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7.1.2 Nosé-Hoover dynamics

Instead of perfectly constraining the kinetic energy, one may introduce a sort of thermostat which acts to keep the energy near a desired value. Nosé has shown that under quite general conditions the spread around the given $E_{0}$ is such that a canonical distribution is approached.

Hoover rewrote Nosé's original equations of motion in the following simple way:
$\displaystyle \dot{\vec{r}}$ $\textstyle =$ $\displaystyle \frac{\vec{p}}{m}$ (7.7)
$\displaystyle \dot{\vec{p}}$ $\textstyle =$ $\displaystyle \vec{K}_{i} - \zeta   \vec{p}$ (7.8)
$\displaystyle \dot{\zeta}$ $\textstyle =$ $\displaystyle \frac{2}{Q}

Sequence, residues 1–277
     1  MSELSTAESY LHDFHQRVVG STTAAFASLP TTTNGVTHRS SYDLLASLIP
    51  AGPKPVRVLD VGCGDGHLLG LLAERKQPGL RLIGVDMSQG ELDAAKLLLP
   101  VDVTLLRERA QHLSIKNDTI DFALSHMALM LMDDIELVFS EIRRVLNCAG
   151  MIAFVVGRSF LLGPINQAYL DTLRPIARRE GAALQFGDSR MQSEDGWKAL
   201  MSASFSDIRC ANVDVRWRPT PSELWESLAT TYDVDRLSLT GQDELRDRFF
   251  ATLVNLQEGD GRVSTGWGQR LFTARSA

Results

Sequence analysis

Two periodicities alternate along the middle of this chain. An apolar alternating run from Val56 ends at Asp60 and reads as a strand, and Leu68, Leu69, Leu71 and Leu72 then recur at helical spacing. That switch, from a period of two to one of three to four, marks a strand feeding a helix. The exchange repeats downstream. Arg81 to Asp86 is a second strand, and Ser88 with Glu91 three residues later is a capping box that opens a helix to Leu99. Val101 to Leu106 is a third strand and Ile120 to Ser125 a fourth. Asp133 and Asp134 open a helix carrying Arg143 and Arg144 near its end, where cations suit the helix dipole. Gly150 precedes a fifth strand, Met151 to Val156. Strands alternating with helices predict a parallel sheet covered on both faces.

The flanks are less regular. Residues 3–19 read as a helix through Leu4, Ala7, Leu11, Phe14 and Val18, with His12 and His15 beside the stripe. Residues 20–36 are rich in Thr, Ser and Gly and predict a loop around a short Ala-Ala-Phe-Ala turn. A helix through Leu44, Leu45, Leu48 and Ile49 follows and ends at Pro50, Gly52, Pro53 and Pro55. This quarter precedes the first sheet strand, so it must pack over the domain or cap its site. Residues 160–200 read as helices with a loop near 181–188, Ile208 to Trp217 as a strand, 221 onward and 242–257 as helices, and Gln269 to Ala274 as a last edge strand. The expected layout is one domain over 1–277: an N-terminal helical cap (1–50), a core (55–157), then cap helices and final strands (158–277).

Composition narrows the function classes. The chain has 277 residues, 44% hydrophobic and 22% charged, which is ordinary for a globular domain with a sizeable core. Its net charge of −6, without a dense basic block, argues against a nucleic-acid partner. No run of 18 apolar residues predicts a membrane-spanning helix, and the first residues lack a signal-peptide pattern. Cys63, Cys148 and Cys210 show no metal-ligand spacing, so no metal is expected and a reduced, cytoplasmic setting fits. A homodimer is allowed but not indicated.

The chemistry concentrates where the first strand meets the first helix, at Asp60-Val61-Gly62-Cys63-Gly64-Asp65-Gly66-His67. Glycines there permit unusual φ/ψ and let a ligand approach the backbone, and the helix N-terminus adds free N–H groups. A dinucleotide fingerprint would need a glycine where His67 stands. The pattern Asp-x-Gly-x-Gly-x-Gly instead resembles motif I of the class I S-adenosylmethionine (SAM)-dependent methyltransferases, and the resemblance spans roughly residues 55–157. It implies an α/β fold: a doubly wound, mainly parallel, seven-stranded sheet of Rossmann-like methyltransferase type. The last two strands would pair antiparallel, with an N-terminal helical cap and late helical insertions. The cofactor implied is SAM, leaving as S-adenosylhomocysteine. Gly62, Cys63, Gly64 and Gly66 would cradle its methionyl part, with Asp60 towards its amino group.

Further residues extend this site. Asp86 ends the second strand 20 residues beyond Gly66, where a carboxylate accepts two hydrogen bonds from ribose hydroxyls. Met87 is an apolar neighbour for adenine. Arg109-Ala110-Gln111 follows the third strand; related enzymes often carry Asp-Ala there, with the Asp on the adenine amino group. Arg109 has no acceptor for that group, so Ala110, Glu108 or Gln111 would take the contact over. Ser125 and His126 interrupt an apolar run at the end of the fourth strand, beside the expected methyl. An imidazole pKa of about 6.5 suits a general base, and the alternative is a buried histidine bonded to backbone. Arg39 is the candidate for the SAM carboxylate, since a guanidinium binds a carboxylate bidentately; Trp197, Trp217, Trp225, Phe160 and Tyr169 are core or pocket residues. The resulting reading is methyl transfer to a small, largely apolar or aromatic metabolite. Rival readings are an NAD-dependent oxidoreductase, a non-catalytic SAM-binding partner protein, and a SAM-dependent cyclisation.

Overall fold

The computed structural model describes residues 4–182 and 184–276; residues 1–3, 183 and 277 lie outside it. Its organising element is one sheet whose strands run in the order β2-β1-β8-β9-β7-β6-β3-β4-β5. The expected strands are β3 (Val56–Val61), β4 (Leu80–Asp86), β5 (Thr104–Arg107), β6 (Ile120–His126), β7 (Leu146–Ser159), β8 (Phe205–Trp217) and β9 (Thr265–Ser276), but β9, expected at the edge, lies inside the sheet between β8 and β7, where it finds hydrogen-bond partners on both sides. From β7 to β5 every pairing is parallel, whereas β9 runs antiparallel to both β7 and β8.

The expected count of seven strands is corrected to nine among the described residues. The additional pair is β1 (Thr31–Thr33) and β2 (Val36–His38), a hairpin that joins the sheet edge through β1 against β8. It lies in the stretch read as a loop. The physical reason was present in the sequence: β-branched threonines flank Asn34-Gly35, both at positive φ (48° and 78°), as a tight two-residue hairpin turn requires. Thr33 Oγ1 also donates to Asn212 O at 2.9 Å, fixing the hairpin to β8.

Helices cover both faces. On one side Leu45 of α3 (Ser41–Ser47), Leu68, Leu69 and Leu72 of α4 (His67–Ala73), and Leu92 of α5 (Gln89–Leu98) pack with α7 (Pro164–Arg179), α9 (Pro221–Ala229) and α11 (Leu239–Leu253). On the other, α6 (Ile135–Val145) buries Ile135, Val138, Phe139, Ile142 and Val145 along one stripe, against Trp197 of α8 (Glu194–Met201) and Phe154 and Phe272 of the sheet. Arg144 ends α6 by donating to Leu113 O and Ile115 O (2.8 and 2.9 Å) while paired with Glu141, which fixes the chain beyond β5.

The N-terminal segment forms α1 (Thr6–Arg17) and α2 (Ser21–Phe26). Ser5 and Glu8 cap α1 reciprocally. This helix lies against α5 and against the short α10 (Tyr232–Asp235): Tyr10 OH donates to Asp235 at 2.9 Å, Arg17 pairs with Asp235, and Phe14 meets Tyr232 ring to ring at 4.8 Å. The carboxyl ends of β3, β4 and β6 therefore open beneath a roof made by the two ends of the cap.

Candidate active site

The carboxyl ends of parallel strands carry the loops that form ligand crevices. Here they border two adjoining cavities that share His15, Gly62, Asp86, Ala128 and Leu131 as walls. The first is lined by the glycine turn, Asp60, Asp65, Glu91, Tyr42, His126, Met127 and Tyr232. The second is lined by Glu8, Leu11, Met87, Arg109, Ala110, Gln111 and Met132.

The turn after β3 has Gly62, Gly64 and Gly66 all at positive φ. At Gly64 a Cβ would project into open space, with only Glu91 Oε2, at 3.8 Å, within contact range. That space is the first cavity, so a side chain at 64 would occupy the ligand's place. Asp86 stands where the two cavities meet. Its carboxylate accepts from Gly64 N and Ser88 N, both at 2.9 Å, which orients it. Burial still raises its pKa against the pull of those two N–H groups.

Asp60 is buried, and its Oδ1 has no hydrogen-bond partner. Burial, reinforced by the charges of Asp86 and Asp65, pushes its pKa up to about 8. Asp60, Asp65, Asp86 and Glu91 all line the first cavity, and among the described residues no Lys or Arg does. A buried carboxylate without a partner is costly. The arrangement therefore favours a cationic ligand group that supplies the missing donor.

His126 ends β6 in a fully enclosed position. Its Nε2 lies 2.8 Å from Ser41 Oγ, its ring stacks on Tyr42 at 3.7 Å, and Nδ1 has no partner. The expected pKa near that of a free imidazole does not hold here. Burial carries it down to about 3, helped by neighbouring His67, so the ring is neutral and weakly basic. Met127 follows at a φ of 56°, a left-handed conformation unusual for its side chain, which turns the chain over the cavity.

\left[ E_{kin} - E_{0} \right]$ (7.9)

where we have omitted the particle index $i$. The coupling parameter $Q^{-1}$ represents the efficiency of the thermal bath holding the temperature constant. $\zeta$ is a kind of ``viscosity'' which, however, may take on negative values.

Nosé has shown that the phase space trajectory of such a system will under very general assumptions (a few interacting particles suffice) lead to canonical averaging. (See also Posch, Hoover, Vesely Phys.Rev.A 33(1986)4253.)

For $Q \rightarrow 0$ the spread of $E_{kin}$ around $E_{0}$ approaches zero, and the Nosé-Hoover dynamics becomes identical to Gauss dynamics.
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F. J. Vesely / University of Vienna